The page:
By: Keolohilani Lopes Jr., UHM MOP Alumnus
Sitting on a ship, gazing over a rack of SCUBA cylinders and watching the sea rush by as we head back to Pearl Harbor from Papahānaumokuākea, I wonder: how did I get here? Exhausted from 40 days at sea, salty from sea spray, the musty smell of damp clothing strong in my nose, I think of Jeff. The University of Hawaiʻi flagship campus of Mānoa attracts, houses, and nurtures some of the brightest minds in marine science. In part, this accomplishment is due to this man and the Marine Option Program. I am in no way claiming to be one of these brilliant scientists, but Jeff Kuwabara, the Iwikuamoʻo (backbone) of the program, is the answer to my earlier question. This article is not my story, nor is it a story of the one or many that have walked through his doors and built a career from the foundation of this program. This is a story of the man, the myth, the friend that has impacted each and every one of our lives in some way.
I think I speak for everyone who has walked through the MOP doors, unzipped the QUEST tent, strapped up their SCUBA gear, drank Jeff’s specially prepared coffee with hot sauce and spices, developed their dream career from everything that is taught at MOP, or received a letter of recommendation or a life lesson from Jeff when I say that his impact on so many people cannot be overstated. I am closer to Jeff’s age than most students, but the intimidation I felt walking into the MOP office quickly faded after speaking with Jeff and understanding his passion for education in marine science. I am 100% sure we all felt that warmth when we initially walked into the office where we would eventually study, socialize, plan outings and dives, and have a snack. It is these qualities that can’t easily be conveyed in grant reports, nor statistically quantified, but the sense of community built at MOP is one of the most important things about this program.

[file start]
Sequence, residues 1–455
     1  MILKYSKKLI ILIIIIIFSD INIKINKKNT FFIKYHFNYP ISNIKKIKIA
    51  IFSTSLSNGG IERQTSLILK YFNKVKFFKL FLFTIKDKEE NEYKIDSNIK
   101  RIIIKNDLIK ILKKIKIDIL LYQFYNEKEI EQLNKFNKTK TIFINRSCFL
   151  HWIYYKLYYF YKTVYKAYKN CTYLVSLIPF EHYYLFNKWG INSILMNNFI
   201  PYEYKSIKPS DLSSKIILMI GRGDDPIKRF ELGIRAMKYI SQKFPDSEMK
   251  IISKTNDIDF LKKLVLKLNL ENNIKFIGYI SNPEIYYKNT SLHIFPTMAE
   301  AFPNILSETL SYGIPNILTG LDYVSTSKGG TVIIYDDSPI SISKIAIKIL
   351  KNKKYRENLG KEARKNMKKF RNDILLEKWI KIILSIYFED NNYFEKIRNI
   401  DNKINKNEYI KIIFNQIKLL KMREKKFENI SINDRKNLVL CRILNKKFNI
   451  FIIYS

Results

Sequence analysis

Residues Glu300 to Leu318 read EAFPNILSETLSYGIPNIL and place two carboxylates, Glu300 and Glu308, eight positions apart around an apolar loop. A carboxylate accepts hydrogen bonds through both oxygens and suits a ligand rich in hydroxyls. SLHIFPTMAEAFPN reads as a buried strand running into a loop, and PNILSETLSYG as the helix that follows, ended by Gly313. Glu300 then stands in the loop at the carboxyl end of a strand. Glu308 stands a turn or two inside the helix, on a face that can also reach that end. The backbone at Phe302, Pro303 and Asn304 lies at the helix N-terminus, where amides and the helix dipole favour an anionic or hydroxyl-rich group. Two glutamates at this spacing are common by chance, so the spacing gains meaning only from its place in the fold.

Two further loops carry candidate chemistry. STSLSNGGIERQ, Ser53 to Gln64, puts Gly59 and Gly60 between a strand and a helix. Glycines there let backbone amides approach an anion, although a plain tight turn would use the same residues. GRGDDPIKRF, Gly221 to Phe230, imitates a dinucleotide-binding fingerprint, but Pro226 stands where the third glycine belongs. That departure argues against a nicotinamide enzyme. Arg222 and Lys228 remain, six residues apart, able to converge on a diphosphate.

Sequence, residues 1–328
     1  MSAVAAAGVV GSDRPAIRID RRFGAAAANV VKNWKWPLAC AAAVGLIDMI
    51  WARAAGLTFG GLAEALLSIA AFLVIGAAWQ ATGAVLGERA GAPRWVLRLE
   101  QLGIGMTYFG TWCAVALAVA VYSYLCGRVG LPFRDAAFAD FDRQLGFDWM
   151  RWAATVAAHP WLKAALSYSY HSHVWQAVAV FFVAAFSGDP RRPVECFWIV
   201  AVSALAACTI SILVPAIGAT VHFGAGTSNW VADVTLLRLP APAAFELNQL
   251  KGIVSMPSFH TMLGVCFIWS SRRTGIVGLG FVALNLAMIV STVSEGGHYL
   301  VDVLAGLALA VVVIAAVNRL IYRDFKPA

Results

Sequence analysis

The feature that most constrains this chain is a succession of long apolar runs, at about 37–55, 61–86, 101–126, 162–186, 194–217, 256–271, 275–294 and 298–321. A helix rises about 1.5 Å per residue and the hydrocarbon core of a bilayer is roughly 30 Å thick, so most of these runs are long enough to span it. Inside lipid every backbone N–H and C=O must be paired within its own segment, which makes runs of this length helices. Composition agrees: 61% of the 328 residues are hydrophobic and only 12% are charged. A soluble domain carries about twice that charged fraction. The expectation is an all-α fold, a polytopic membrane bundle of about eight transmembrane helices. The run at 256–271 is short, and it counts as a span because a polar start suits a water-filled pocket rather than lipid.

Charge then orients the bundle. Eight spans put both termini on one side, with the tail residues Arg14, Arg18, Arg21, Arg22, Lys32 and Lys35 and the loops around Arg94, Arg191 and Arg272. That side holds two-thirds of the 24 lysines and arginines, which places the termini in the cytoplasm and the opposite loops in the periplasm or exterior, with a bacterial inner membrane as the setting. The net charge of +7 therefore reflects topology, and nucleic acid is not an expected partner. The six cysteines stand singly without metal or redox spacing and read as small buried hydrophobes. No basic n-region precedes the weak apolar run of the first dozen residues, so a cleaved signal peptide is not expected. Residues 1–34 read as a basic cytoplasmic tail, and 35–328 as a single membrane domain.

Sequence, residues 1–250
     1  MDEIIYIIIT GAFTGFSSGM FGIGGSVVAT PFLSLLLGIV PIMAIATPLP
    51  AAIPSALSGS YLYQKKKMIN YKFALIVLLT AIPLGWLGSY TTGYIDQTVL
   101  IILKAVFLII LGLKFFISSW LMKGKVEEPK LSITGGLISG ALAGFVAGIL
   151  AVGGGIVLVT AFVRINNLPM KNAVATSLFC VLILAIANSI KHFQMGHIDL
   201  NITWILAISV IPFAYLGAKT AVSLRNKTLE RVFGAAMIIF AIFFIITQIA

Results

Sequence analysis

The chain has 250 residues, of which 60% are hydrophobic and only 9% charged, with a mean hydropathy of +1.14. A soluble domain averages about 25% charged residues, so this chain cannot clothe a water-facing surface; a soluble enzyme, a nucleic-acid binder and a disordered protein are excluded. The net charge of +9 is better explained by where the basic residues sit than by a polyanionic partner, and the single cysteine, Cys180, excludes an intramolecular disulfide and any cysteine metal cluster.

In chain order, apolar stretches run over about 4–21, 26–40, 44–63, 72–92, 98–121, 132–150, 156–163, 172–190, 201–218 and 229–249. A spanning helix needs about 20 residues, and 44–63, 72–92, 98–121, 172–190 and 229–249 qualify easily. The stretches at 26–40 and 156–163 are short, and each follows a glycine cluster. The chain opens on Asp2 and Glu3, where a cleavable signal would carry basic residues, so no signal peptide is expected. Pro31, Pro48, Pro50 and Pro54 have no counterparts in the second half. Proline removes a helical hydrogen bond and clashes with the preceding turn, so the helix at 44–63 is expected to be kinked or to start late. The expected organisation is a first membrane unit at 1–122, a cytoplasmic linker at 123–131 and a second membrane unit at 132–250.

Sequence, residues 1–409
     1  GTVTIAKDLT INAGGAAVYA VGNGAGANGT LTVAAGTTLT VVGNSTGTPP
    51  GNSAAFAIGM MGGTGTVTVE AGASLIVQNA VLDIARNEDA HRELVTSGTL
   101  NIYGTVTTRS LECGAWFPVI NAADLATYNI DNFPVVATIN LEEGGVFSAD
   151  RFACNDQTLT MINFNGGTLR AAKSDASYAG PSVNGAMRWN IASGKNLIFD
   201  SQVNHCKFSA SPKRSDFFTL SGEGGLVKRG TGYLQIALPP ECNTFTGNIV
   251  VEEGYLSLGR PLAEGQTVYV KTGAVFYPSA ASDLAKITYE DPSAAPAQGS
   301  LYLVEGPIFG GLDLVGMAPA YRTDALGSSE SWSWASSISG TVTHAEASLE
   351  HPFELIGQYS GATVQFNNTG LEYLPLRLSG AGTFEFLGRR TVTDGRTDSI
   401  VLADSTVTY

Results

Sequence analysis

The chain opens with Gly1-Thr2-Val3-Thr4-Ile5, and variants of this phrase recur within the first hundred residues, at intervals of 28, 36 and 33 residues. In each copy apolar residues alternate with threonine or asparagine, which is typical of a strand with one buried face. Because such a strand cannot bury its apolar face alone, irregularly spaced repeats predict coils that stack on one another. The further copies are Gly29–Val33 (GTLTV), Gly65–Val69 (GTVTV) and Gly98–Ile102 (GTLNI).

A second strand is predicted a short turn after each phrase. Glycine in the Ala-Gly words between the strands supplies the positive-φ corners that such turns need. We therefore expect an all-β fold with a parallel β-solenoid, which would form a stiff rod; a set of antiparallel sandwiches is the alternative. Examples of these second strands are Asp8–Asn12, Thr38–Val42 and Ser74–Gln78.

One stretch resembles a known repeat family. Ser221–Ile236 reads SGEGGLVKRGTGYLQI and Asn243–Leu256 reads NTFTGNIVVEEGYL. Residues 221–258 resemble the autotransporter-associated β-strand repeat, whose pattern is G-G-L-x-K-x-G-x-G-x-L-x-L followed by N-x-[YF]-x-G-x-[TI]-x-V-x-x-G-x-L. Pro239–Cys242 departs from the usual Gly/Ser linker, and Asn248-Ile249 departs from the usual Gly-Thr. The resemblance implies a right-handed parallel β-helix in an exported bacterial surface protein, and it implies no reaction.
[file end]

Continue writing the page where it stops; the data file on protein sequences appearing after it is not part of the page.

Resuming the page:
As the next wave of sea spray hit the ship and drizzled down on me, I couldn’t help but think of the four former MOP QUESTers currently on this expedition to Papahānaumokuākea Marine National Monument (PMNM). Each of these people have traveled vastly different courses to get here, with MOP being the common denominator. Taylor Williams (Photo 1) is currently finishing her masters at the College of Charleston studying a highly destructive algae discovered in PMNM. Kailey Pascoe and Ashley Pugh, meanwhile, are studying corals at UH Hilo, and I am working as a field technician for PMNM here on Oʻahu. I feel strongly that it is all due to our Iwikuamo’o, Jeff Kuwabara, at the Mānoa MOP branch. Outside of this expedition, there are hundreds of MOP alumni working in marine science both here in Hawaiʻi and abroad. Academic advisor lineage trees are frequently discussed to see what “school” of thought any particular Ph.D. came from and who mentored them, and who mentored their mentors, and so on. I would argue that the academic linage tree growing from our humble Mānoa study center would rival any other.
Jeff has developed this program to take the passion each student comes with, nurture it, stoke the flame, and show them the path to attain their goals. After even a short conversation with Jeff, a student unsure of what direction they would like their career to take can leave his office with a plan of action and multiple suggestions for programs to look into and people to contact. Without this type of positive guidance and mentoring, many might not have realized their full potential. Currently Mānoa MOP has the largest enrollment of student faces that the “Mānoa MOP-ulation” may have ever had (Photo 2). Factor in the 16 years that Jeff has been the Mānoa MOP Coordinator and you can begin to see the magnitude of his influence.
Jeff’s humor is a mix of an excitable Steven Wright with the sensibility of Christopher Moore, but less funny, which ironically makes him funnier. I knew after the first few meetings I had with Jeff that he was really cool, straightforward, and most importantly, puts students’ interests first. There was a lot of amazing work done in the PMNM this past field season, and the chaos of the past year has taught me to appreciate it more. Focusing on appreciating things– my education, health, and my fantastic job– brought into focus my gratitude for Jeff Kuwabara, the Iwikuamoʻo of the Marine Option Program at the Mānoa campus, where I and so many others began our journey to better understand the wonders of the ocean and increased our fascination of this beautiful sea and earth.